In reading this passage it is worth reflecting upon firstly, how do you understand the links between repentance, faith in Jesus, water baptism and baptism of (in) the Holy Spirit? What has been your experience? Does your experience differ from other Christians you know? - If so how, and does this matter?
Secondly, in this passage we see that the message of the Church begins from Jerusalem in a strong Jewish context. This message is destined to go out into the entire world and this will require ministering and proclaiming in some very different contexts. Maybe the ministry in Samaria was a very useful step (or bridge) for the Church in moving primarily from a Jewish context to mainly a Gentile context?
Simon is known as Simon Magus and the ‘sin of simony’ is often spoken of to describe the exchange of temporal gifts for spiritual power, for example using your wealth to purchase a position of influence within the Church. This sin of simony is mentioned for example, in the book by James Joyce- ‘A Portrait of the Artist as a Young Man’. In some Christian teaching and early writing Simon the sorcerer is seen as the main source of later Gnostic heresy.
- A delay also occurs in Acts 19:1-7 but here clearly there is something ‘defective’ about the faith of the believers and their subsequent baptism as they did not know anything about the Holy Spirit and their baptism was not in the name of Jesus.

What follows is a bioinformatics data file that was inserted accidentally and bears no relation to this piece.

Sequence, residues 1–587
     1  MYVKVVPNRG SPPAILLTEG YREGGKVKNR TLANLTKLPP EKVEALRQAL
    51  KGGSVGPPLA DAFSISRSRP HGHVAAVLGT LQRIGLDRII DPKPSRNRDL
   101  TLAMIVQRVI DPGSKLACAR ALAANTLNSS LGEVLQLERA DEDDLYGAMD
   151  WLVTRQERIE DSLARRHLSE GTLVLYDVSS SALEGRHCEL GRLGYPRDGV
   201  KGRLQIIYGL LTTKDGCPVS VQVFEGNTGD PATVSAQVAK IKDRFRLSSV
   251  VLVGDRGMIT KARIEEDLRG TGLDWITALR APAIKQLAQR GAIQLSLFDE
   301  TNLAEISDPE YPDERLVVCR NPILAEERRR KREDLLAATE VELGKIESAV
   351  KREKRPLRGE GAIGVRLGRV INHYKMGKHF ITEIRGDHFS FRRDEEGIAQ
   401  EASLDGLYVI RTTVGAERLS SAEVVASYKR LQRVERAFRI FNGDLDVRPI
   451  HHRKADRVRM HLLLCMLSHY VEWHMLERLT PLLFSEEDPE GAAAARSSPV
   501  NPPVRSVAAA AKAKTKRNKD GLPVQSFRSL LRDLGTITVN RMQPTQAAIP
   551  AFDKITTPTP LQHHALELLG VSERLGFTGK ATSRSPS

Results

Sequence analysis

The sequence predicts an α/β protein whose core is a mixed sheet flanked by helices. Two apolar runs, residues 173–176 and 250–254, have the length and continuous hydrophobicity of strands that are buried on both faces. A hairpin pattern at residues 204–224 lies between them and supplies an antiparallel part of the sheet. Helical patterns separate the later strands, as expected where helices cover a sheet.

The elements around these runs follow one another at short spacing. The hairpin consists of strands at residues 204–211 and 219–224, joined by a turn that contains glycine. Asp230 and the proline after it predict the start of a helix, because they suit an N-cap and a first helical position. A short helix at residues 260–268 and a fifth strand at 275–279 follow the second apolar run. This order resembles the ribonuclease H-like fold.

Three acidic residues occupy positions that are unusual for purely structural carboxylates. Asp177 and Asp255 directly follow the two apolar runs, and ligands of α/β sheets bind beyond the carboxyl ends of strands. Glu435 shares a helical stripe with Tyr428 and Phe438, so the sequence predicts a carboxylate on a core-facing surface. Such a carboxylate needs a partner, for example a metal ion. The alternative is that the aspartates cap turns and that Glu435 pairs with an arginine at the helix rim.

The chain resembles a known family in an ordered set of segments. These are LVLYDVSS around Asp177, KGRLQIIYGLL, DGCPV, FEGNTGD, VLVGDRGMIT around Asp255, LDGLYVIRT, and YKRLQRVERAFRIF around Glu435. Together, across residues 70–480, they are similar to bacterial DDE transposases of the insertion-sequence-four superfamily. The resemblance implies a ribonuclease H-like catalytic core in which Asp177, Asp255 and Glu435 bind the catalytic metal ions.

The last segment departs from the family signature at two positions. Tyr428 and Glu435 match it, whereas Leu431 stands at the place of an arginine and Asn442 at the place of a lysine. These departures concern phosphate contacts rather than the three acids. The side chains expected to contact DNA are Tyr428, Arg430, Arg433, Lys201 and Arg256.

Ministry news update
The past few weeks I have had the opportunity to minister in Northern Ireland at the invitation of CMJ Ireland. During this time I spoke at the CMJ Ireland spring meeting in Belfast. I spoke on the ‘Eight Blessings given to Israel’ based on Romans 9:3-5. If you wish to see some of the background to this teaching please download the Olive Press Research Paper – Paper 17 (July 2013).
In addition to this event both the ‘Bible Come to life’ team has been busy with two events, and the Outreach team has shared in a major outreach in London over the second May Bank Holiday weekend. More details of both these events will appear either on the CMJ website or in the next edition of News and Views.
CMJ is pleased to announce a new book by Charles Gardner. The book is- “Peace in Jerusalem- but the battle is not over yet!” The book is published by Olive Press Publishers. This is the fourth book written by Charles and it explores in a lively narrative style the Biblical significance of Jerusalem and current day events. There is special focus on the ‘At the Crossroads’ conference hosted by Christ Church, Jerusalem in 2014.
This book will both challenge and encourage the reader to delve into the promises of Scripture and to see how the LORD is working out His purposes today.
Charles will also be presenting a workshop at the CMJ conference in July.
Monthly Memory Verse
“Now if the ministry of death, carved in letters of stone, came with such glory that Bnei-Yisrael could not look intently on Moses’ face because of its glory –although it was passing away—how will the ministry of the Rauch not be even more glorious.”
(2 Corinthians 3:7-8) (Messianic Jewish Family Bible)